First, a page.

Eat Pray Love
Published on June 13, 2008
So the one major thing I wanted to blog about from my recent trip to Cleveland is that I had the opportunity to read Eat Pray Love by Elizabeth Gilbert. Without hesitation, I highly recommend this book. First, her writing style is purely enjoyable. I felt like I was sitting having tea and a great conversation with her, rather than reading for hours in an airport! A friend of mine mentioned to me that when she read it, she felt that reading the author was actually like sitting through a conversation with me! What an incredible compliment.
I think what drew me most to this book at first had to be the Italy factor. When I was 26 years old, after my own heartbreaking, devastating break up, I too went to Italy by myself in search of that part I felt I lost. Italy for me was one of the greatest experiences of my life. When people back then asked me what I was going to do there by myself, I would always answer “take a walk around.” That’s what I did–for weeks. And during this journey on foot I met many oracles and sages disguised as other backpackers, locals, and stationary pieces of art that have stood glowing in Italy through millions of heartbreaks and tragedies. For me, I didn’t find a piece of myself, rather I let go of things that did not serve me anymore. I offered up many sorrowful memories in the basilica of churches, threw bittersweet nuggets of my heart into the current of the Arno, and scattered my broken dreams through the ruins in Rome. I left all those parts of myself there, in Italy, where I knew they would be safe. There where I could visit them in my mind, but not carry them in my heart.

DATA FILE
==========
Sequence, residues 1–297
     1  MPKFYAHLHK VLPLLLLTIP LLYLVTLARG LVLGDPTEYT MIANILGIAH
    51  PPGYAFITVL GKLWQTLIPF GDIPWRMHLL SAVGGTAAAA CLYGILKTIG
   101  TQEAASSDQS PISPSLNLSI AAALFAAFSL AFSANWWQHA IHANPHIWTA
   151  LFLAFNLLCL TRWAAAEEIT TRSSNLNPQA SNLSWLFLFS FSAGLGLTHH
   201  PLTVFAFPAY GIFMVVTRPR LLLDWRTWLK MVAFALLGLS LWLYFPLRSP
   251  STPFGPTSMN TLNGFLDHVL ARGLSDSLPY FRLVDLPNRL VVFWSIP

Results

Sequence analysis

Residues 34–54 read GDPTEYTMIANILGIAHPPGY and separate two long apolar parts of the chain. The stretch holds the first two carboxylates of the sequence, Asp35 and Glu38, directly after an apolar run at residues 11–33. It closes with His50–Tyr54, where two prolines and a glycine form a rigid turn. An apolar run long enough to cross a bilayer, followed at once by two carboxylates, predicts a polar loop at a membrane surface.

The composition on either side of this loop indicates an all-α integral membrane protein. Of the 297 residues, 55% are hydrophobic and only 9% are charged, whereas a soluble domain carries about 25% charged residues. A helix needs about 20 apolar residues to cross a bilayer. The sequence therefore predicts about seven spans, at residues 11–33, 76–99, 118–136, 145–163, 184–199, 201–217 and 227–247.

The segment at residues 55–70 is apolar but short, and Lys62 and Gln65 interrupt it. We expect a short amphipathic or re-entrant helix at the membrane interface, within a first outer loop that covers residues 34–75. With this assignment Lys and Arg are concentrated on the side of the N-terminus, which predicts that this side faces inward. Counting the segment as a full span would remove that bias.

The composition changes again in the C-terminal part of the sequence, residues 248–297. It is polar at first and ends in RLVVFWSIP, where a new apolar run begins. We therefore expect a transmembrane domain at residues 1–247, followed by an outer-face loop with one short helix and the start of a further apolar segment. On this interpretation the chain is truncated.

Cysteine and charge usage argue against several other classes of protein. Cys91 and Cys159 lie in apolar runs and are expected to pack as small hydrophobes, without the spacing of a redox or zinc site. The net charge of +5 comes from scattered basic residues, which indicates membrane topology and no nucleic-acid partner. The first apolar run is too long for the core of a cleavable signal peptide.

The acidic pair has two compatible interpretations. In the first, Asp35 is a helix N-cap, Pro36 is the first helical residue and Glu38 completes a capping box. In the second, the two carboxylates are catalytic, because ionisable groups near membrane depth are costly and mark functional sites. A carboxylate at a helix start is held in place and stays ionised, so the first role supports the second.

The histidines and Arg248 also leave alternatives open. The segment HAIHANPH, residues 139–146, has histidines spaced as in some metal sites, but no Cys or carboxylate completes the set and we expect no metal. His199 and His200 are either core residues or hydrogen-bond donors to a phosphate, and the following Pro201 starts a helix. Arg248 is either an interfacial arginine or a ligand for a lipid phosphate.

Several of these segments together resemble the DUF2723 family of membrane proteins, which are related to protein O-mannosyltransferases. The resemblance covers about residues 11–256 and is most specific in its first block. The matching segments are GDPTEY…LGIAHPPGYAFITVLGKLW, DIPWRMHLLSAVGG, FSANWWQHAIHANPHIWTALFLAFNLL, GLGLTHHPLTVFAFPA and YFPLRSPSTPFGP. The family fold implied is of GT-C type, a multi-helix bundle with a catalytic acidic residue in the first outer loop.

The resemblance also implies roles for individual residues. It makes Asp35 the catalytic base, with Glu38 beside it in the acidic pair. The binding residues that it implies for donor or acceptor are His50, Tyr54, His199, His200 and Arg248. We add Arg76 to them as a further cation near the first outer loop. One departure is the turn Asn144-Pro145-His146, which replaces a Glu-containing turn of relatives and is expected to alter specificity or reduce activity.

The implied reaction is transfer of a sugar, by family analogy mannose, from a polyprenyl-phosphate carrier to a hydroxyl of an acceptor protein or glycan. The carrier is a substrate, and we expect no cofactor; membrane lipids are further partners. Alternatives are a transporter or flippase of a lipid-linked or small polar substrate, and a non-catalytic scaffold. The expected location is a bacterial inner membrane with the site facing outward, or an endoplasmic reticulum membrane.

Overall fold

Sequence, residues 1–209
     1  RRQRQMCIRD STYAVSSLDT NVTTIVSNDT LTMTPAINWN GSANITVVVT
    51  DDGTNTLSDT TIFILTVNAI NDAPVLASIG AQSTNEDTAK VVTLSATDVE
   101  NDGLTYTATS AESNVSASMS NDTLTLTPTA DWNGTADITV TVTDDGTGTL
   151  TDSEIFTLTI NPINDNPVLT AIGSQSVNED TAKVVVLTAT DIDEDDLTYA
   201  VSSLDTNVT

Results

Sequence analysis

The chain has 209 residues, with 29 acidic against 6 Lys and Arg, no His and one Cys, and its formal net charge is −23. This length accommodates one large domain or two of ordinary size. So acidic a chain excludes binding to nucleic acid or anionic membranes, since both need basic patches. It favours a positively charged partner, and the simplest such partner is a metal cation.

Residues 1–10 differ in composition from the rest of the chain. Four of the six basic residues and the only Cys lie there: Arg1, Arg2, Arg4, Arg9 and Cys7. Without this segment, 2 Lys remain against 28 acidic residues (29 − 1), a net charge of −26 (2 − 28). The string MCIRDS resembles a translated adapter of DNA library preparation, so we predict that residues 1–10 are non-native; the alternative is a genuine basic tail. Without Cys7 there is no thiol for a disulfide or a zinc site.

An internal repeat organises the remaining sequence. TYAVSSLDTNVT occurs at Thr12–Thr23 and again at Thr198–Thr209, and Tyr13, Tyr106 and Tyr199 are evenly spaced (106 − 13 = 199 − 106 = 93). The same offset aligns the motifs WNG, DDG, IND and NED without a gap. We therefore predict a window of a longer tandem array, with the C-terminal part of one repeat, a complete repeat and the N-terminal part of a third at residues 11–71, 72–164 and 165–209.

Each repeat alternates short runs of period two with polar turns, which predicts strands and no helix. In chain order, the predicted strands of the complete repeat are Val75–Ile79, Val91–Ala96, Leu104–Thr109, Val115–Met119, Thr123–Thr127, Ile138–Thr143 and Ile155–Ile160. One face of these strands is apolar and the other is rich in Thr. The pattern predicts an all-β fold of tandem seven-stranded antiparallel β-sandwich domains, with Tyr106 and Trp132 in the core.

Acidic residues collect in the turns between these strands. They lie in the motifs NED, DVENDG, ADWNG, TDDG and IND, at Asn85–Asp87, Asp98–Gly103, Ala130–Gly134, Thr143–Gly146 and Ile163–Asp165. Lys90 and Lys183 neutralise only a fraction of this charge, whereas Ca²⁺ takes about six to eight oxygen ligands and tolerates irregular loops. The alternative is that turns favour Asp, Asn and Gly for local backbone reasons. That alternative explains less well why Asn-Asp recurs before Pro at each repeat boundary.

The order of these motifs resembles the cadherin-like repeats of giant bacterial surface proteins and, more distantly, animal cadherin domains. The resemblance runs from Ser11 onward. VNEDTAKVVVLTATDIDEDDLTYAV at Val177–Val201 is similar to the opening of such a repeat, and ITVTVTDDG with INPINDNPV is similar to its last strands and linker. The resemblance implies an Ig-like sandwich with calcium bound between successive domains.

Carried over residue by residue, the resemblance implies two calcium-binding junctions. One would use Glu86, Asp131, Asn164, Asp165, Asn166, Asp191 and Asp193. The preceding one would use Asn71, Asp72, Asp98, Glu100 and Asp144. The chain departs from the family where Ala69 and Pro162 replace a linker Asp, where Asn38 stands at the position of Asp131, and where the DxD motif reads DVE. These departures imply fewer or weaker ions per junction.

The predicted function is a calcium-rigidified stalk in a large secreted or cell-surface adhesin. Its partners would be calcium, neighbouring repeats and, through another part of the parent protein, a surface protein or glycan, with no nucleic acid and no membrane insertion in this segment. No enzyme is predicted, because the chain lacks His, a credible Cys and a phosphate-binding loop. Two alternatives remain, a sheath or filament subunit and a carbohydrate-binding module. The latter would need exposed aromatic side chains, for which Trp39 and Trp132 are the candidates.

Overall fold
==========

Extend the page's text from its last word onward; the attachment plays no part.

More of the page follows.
I love reading memoirs; travelogues written by women especially. But this book is really special to me. This book ignites that part of myself that really gets excited about life. About the endless possibilities—about discovery. The author’s travels to foreign countries is only the paint, the real landscape masterpiece is in the journey she took getting to know and understand herself. In yoga they call it svadhyaya or self study. It is part of one of the five observances or niyamas. We are put on this earth to be little scientists and journalists of ourselves. All the day-to-day happenings like making lunch, paying bills, driving from Point A to Point B, even taking a shower, sometimes become so routine that they blur the vision of our life. We’re here to really take note of everything. Sometimes, when you travel, and place your being in a different environment, you strip yourself of routines, the common-place, and your comfort zone. The author was blessed with a whole year to do this and to do it in beautiful places, while observing what would bubble to the surface of her soul.
Now with all this said, go to the library and check this book out, buy it at the bookstore, or ask a friend if you can borrow it. Or, if you’d like to swap–email me! This will make for excellent summer reading. Plus, I would love to know what great book I should read next. I’m open to suggestions.
Peace & Love.